Episode 4: What is “Reasonable Compensation?”

In this episode Eric & Melissa discuss the often misunderstood – REASONABLE COMPENSATION.

So what the heck is “Reasonable Compensation” when you own a business?

According to the IRS website (see post HERE) “S corporations must pay reasonable compensation to a shareholder-employee in return for services”.

It’s vague, and for those of us rule followers that’s….annoying!

But despite a desire for a set in stone answer (which we absolutely do not want) the IRS is simply stating that one of the requirements of a S-Corp is that owners must be paid Reasonable Compensation’ for their work and efforts.

There are of course a variety of reasons why we don’t want to IRS to give us a set number – but I get it – the rule is so incredibly vague….

Here are some helpful tips for determining Reasonable Compensation when it comes to S-Corp owners;

What Can the Business Afford?

A new corporation will most likely not have the cash flow to support a single or several large salaries.

What is Industry Standard For the Position or Duties Performed?

Depending upon the job title or titles (yes in the beginning we all wear a LOT of hats) a quick internet search with the job title and salary will produce a good starting point on what you should be paying yourself.

A simple Google search for ‘project manager salary’ yielded the following results;

Busy Bee Advisors

Is there data to support your numbers?

Again a small amount of research for applicable job title, duties & description will give you an idea of ‘Reasonable Compensation’ for the position that is the best fit for the job duties you are performing.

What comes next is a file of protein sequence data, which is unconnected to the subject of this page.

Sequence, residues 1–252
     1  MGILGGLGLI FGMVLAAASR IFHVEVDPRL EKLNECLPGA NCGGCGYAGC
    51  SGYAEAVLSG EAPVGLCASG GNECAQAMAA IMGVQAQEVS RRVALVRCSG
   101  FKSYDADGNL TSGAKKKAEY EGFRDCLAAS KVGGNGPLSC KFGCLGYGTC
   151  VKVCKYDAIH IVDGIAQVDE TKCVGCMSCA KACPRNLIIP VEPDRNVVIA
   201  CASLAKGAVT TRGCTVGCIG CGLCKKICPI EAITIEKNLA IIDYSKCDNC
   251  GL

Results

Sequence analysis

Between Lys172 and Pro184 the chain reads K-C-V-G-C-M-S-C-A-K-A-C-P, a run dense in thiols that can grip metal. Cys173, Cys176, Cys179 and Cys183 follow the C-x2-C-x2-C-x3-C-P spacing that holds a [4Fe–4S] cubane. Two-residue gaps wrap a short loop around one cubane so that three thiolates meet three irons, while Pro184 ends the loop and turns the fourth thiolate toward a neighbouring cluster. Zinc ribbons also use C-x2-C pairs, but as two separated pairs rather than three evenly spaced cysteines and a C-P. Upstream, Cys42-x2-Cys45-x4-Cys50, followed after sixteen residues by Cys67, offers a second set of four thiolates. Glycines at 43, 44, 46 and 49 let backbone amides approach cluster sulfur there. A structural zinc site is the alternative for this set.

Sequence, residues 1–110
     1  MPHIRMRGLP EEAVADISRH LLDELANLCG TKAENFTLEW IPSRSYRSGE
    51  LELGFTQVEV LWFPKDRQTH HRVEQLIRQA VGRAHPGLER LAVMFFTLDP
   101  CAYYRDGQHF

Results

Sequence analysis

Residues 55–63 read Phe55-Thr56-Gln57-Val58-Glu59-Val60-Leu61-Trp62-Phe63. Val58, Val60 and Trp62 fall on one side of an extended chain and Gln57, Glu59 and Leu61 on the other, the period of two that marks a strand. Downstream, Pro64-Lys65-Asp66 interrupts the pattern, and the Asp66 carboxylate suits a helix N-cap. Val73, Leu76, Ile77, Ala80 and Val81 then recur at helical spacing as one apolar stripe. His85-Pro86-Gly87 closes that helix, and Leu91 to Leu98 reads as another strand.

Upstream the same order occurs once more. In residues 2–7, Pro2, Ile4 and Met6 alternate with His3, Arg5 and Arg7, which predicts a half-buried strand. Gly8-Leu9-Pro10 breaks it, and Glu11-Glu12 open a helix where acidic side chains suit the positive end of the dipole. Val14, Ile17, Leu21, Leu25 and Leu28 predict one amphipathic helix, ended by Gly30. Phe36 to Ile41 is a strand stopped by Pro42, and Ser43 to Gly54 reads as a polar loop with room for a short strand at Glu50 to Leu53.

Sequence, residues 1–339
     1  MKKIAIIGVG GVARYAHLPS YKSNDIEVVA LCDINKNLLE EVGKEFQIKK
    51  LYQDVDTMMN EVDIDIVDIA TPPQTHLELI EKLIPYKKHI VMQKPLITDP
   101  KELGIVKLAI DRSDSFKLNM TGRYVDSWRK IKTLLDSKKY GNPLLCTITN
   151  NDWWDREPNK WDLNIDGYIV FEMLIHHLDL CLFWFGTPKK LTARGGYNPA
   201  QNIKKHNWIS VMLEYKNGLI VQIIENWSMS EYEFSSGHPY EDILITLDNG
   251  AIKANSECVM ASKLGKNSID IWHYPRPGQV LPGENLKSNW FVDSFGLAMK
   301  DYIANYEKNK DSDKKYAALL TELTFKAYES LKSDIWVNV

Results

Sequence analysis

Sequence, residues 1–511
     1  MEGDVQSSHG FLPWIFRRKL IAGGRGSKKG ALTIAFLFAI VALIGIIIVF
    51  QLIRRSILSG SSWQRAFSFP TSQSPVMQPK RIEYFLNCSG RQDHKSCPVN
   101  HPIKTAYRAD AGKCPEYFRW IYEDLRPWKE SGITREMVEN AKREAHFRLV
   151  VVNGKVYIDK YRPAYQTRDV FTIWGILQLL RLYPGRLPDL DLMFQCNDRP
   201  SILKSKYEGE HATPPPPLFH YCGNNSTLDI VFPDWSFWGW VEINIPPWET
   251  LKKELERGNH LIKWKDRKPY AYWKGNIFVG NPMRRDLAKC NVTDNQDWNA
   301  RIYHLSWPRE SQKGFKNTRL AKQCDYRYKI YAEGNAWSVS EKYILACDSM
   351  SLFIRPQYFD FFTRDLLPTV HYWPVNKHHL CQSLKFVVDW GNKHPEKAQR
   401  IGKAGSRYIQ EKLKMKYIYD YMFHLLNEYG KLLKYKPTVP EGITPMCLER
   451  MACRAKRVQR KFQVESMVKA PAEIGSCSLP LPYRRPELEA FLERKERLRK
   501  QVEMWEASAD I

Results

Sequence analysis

Remember it can be adjusted. The salary that you elect to pay yourself based upon your S-Corps cash flow may need to be adjusted throughout the year based upon what your company can afford. This is fine and easy to do with most payroll companies.

The IRS does not want you paying yourself on payroll to avoid payroll taxes to yourself or anyone else and just take a distribution that’s taxed at a lower rate. Not paying yourself reasonable compensation with a profitable business can get you into some trouble. Documentation is important in situations where it may look as if you made a large profit but actually you didn’t. Understand that when you become a corporation either a S or C Corp you should be held to a higher standard.

No matter what point you are at in your business, you should be paying yourself something. A mistake that many business owners make is to feel that the companies money is yours to spend immediately. That money has to be accounted for and be moved from being the company’s money to being your money. You can do this by paying yourself a wage or taking a distribution on top of a wages.

Where do I start? When you are newer to owning and operating a business as well as not having much historical data it may be difficult to know where to start. In the beginning, 25% of your deposits is a good start and once you have more data to work from then you can talk to your professionals about a better plan.

When looking into reasonable compensation for yourself, you want to research your profession and look at the range of fair market value in your business profession. You do not want to pay yourself lower than what your profession typically makes just to avoid payroll taxes.

Remember Poor bookkeeping = increased tax liability.

Need help getting a handle on your books. Check out Melissa’s newest book The 4-Hour Bookkeeper available at INeedBookkeeping.com or Amazon.com.

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